• Sandusky sentenced in Penn State sex abuse case
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     | October 10,2012
     
    AP PHOTO

    Former Penn State University assistant football coach Jerry Sandusky, center, arrives for sentencing at the Centre County Courthouse in Bellefonte, Pa., Tuesday.

    BELLEFONTE, Pa. — Jerry Sandusky, a former Penn State assistant football coach, was sentenced Tuesday to 30 to 60 years in prison for sexually abusing boys, crimes that roiled the university community and shook one of major college football’s most prominent programs.

    The ruling was handed down in Centre County Court by Judge John Cleland, and it essentially guaranteed that Sandusky, 68, would die in prison. The sentencing came roughly 3 1/2 months after a jury found him guilty of 45 counts of child sexual abuse.

    Sandusky, the jury determined, had abused 10 boys, all of them from disadvantaged homes. Sandusky used his connections to the Penn State football program, as well as his own charity for disadvantaged youth, the Second Mile, to identify potential victims, get close to them and then sexually violate them.

    In a recorded statement broadcast on a Penn State radio station Monday night, a defiant Sandusky said, “They can take away my life, they can make me out as a monster, they can treat me as a monster, but they can’t take away my heart. In my heart, I know I did not do these alleged disgusting acts. My wife has been my only sex partner, and that was after marriage.”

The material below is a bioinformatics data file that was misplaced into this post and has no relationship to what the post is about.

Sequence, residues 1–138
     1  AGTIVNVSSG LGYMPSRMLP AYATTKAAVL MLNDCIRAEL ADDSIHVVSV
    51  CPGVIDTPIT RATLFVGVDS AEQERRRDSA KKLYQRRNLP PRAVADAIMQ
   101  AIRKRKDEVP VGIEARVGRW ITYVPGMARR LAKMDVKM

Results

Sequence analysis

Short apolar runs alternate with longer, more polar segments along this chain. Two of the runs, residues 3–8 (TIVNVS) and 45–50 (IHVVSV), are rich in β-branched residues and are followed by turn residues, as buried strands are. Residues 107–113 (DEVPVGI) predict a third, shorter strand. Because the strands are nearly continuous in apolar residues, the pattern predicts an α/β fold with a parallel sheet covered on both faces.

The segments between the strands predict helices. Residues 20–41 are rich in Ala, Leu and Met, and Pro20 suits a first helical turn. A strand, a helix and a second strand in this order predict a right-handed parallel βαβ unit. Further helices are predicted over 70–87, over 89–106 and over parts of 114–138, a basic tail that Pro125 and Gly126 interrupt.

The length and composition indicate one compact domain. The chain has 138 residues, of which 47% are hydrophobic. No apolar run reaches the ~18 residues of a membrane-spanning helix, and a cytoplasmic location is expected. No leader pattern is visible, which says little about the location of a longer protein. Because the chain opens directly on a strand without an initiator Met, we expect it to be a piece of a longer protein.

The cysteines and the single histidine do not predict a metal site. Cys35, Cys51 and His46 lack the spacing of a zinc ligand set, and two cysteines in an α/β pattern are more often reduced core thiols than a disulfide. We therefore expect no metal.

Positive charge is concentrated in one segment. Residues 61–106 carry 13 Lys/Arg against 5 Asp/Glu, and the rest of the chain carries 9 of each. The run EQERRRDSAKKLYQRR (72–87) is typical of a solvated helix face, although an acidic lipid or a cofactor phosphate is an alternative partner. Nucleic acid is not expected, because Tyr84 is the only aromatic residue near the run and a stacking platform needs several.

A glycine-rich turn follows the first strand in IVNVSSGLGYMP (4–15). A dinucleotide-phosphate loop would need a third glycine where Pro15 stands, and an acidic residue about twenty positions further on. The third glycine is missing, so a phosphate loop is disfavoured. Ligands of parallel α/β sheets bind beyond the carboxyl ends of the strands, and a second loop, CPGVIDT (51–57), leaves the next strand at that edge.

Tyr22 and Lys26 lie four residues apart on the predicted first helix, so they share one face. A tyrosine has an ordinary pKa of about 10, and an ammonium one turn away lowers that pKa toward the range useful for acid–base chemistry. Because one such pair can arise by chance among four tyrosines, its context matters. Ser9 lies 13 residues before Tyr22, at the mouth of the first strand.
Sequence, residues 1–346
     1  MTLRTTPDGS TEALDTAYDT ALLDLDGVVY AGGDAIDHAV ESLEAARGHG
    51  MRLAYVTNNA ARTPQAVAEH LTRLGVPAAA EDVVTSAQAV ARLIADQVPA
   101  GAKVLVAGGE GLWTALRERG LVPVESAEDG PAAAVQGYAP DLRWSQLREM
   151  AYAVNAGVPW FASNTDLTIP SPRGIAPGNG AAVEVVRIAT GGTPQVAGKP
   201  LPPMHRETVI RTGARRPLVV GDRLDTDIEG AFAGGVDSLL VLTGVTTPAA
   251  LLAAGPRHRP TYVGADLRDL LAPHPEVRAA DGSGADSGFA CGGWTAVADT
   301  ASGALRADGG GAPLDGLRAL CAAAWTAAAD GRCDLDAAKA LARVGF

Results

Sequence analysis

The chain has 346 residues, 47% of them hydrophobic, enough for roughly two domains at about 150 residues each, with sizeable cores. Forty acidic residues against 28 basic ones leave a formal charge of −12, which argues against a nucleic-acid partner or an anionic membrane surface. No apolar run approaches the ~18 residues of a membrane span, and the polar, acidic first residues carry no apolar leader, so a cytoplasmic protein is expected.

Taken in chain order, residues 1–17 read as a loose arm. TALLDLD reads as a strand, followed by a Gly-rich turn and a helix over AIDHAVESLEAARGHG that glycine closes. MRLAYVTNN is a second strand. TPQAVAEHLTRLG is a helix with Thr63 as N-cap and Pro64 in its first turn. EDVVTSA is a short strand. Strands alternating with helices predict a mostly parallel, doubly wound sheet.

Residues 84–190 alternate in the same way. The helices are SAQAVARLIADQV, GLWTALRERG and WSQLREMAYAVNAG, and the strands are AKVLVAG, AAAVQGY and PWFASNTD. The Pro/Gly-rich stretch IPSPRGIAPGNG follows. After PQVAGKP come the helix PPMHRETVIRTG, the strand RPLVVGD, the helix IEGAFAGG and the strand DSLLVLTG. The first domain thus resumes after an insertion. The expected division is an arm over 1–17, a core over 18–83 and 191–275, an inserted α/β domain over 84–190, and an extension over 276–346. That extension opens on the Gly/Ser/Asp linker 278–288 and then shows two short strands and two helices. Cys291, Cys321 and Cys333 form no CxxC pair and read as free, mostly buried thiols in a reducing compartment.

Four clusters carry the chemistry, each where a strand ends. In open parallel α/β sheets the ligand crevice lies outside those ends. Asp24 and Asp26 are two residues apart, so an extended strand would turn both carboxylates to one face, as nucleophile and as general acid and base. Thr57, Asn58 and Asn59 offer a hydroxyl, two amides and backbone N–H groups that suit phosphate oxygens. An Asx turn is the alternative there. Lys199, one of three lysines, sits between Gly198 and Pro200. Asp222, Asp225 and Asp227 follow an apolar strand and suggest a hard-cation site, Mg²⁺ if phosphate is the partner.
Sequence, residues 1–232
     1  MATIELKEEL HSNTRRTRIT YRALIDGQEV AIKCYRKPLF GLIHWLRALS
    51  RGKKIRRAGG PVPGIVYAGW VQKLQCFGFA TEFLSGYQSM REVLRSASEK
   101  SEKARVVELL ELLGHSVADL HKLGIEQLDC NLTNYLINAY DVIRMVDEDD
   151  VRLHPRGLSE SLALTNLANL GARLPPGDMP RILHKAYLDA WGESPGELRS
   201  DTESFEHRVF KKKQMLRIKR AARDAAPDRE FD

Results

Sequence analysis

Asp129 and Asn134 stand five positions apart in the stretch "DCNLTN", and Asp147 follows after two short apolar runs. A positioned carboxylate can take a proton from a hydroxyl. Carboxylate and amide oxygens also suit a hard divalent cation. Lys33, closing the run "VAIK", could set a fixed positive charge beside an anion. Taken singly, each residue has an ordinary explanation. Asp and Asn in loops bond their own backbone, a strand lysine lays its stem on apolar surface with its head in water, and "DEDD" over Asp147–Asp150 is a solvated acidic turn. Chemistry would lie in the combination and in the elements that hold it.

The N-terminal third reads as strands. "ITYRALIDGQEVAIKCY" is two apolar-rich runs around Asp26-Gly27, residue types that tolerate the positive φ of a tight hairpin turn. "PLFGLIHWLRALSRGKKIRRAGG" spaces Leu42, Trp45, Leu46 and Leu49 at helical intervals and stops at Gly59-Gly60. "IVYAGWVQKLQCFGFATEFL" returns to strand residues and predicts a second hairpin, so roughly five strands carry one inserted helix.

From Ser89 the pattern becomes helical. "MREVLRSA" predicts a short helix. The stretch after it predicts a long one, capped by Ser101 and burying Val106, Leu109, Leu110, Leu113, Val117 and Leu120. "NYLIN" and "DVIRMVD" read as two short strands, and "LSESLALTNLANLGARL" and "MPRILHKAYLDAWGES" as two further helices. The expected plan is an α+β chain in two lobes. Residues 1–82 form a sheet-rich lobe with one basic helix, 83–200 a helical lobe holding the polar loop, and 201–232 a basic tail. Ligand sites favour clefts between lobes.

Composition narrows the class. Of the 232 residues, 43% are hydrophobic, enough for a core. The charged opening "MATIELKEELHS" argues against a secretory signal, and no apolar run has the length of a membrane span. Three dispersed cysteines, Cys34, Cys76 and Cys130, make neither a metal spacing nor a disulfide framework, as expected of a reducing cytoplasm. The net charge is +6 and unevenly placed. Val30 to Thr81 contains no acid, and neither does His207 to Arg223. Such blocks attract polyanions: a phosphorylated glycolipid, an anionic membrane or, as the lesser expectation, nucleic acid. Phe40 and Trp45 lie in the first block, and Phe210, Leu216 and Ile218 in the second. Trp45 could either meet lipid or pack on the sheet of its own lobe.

Sandusky arrived at the court Tuesday dressed in a red prison outfit and looking thinner than he had at his trial. He spoke for about 15 minutes before the sentence was handed down, again denying that he had abused the boys.

    Cleland said Sandusky’s ability to deceive those who trusted him and thought so highly of him was what made his acts so “heinous.”

    “I’m not going to sentence you to centuries in prison, although the law will permit that,” Cleland said, although he added that he expected Sandusky to be in prison for the rest of his life.

    Sandusky’s crimes have exacted a tremendous toll on Penn State. Within days of the grand jury indictment of Sandusky being made public in November, Joe Paterno, the football team’s famed head coach and a patriarchal figure at the university, was fired. He had been alerted to at least one of Sandusky’s attacks on a boy. Within months, Paterno was dead of cancer at age 85.

    The university’s president, Graham B. Spanier, was also dismissed, and the Penn State community found itself confronting the idea that it had placed the interests of its football team above concern for at-risk children.

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